HRV IN HEART FAILURE – HOW TO INTERPRET DATA
Authors: Costel Matei
Heart rate variability (HRV), the variation over time of the period between consecutive heartbeats, is predominantly dependent on the extrinsic regulation of the heart rate (HR). HRV is thought to reflect the heart’s ability to adapt to changing circumstances by detecting and quickly responding to unpredictable stimuli.
The normal variability in HR is due to autonomic neural regulation of the heart and the circulatory system. The balancing action of the sympathetic nervous system (SNS) and parasympathetic nervous system (PNS) branches of the ANS controls the HR.
HRV analysis demonstrates to be an important tool for prognostic stratification in patients with cardiovascular disease with high mortality, i.e. post myocardial infarction, heart failure (HF). Studies coming from 1990 investigated this analysis in different conditions and now it is a common sense to consider decreased HRV as predictor for bad prognosis: high mortality rate, high incidence of malignant ventricular arrhythmias.
Potential confunding factors can influence the interpretation and the significance of data in specific population. HRV can independently be modified by volume overload, age, exercise training, drugs as common conditions in HF. Also co-morbidities associated to heart failure can modify HRV data (depression, sleep disorders, thyroid dysfunction).
Volume overload. Some small studies showed there is a statistically significant improvement in HRV with diuresis, which closely correlated with volume loss. This is the reason it is better to avoid HRV evaluation during acute decompensation of chronic HF as it can give false information if you think HRV is a predictor of survival.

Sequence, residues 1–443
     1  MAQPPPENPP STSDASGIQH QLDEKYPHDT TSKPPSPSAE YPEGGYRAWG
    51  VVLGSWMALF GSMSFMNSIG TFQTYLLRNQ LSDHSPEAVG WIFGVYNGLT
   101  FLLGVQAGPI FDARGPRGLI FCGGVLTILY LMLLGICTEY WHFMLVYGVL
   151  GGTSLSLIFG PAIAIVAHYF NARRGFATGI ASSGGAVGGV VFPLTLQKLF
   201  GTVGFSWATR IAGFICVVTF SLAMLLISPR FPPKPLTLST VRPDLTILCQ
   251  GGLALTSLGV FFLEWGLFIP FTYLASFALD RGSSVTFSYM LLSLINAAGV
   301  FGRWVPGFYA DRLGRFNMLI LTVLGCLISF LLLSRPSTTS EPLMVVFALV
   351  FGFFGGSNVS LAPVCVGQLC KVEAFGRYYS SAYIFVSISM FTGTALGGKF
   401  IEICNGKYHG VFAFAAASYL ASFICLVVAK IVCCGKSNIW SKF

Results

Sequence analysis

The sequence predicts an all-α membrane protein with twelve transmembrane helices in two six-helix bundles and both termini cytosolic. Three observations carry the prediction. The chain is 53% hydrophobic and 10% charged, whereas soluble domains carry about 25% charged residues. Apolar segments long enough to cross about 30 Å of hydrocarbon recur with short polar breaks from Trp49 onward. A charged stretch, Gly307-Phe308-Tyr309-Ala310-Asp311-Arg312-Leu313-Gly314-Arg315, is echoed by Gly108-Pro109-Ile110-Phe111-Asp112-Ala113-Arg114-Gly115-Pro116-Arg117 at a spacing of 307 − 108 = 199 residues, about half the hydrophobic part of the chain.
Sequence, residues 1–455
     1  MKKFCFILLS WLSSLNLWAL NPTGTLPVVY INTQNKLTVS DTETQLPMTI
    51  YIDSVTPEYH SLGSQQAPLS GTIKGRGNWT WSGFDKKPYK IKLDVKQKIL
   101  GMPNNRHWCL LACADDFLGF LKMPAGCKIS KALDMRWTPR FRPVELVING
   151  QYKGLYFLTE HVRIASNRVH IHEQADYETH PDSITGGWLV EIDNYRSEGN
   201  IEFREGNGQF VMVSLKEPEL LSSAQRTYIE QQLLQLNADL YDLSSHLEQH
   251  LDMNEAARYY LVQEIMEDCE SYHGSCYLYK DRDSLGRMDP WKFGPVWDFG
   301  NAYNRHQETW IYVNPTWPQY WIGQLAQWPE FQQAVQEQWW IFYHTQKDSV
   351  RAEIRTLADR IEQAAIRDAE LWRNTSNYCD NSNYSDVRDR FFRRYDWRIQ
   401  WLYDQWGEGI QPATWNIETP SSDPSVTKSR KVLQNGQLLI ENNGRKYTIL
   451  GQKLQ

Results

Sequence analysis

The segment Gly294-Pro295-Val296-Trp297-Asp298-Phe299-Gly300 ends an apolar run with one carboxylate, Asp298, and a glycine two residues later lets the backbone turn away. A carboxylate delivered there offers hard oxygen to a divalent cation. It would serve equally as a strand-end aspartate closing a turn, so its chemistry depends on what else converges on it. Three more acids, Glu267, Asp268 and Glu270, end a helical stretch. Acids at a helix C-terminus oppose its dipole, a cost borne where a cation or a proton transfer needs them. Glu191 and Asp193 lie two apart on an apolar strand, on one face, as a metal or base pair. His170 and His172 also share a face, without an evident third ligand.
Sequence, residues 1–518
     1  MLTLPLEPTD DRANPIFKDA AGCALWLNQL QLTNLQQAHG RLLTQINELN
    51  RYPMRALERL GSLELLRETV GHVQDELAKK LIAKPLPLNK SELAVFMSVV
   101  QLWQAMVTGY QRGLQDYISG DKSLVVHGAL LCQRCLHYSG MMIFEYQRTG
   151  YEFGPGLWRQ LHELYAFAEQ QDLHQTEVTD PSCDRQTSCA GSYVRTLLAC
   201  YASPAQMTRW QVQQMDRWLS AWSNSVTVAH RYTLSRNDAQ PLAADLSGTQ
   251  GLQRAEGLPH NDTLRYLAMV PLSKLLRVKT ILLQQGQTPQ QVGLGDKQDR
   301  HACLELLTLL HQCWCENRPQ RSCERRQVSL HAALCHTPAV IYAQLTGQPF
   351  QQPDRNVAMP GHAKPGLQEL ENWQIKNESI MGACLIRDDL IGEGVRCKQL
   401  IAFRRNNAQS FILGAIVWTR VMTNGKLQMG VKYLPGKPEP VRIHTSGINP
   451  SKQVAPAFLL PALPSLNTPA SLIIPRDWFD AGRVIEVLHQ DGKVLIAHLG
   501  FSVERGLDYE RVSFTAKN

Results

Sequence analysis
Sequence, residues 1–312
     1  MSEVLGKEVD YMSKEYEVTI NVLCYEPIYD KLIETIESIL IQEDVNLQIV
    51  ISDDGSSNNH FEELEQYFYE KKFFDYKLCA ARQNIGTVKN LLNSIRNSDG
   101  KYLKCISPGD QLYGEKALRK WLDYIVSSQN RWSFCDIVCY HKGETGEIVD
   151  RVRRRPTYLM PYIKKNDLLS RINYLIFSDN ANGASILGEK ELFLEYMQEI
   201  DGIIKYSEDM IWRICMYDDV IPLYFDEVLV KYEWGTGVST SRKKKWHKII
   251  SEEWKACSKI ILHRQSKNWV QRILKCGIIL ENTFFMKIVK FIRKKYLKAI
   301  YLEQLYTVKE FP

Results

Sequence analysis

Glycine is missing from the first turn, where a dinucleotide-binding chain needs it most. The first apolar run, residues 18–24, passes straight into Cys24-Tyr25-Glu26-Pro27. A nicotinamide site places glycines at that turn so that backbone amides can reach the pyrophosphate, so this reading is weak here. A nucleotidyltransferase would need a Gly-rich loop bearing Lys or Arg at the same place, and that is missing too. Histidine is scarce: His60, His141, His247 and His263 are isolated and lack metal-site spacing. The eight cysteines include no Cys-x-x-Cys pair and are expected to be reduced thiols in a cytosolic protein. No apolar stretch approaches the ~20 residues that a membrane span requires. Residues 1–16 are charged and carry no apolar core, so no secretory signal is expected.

Age. The influence of age on HRV was analyzed in healthy subjects showing a shift towards parasympathetic dominance with aging that leads to conclusion that healthy longevity depends on preservation of autonomic function, in particular, HRV–parasympathetic function. Other studies showed in older adults there is an increasing prevalence of sinus arrhythmia (“erratic rhythm”) that is not of respiratory origin nor of autonomic influences. Thus, increased values of beat-to-beat HRV measures are completely confounded in the elderly and cannot be taken as measures of parasympathetic dominance without verifying this is truly due to respiratory sinus arrhythmia rather than erratic rhythm.
Exercise. It is very well known that regular exercise training produces a shift of autonomic balance toward higher parasympathetic activity which is consistent with improved cardiac health. This finding could explain effects of exercise training in patients with HF and the potential benefits of regular training programs in this category of patients. Also, the effort intensity produces different responses on HRV. Moderate intensity effort seems not to produce a significant change in HRV, but severe intensity effort showed an increase of sympathetic tone both immediately and after 24 hours after exercise cessation.
Drugs. HRV can be influenced by various groups of drugs, so the influence of medication should be considered, while interpreting HRV. Beta-blockers and ACE-I are commonly used in HF, so their influence is important. Also, HRV can be used to quantify the efficacy of these drugs in HF.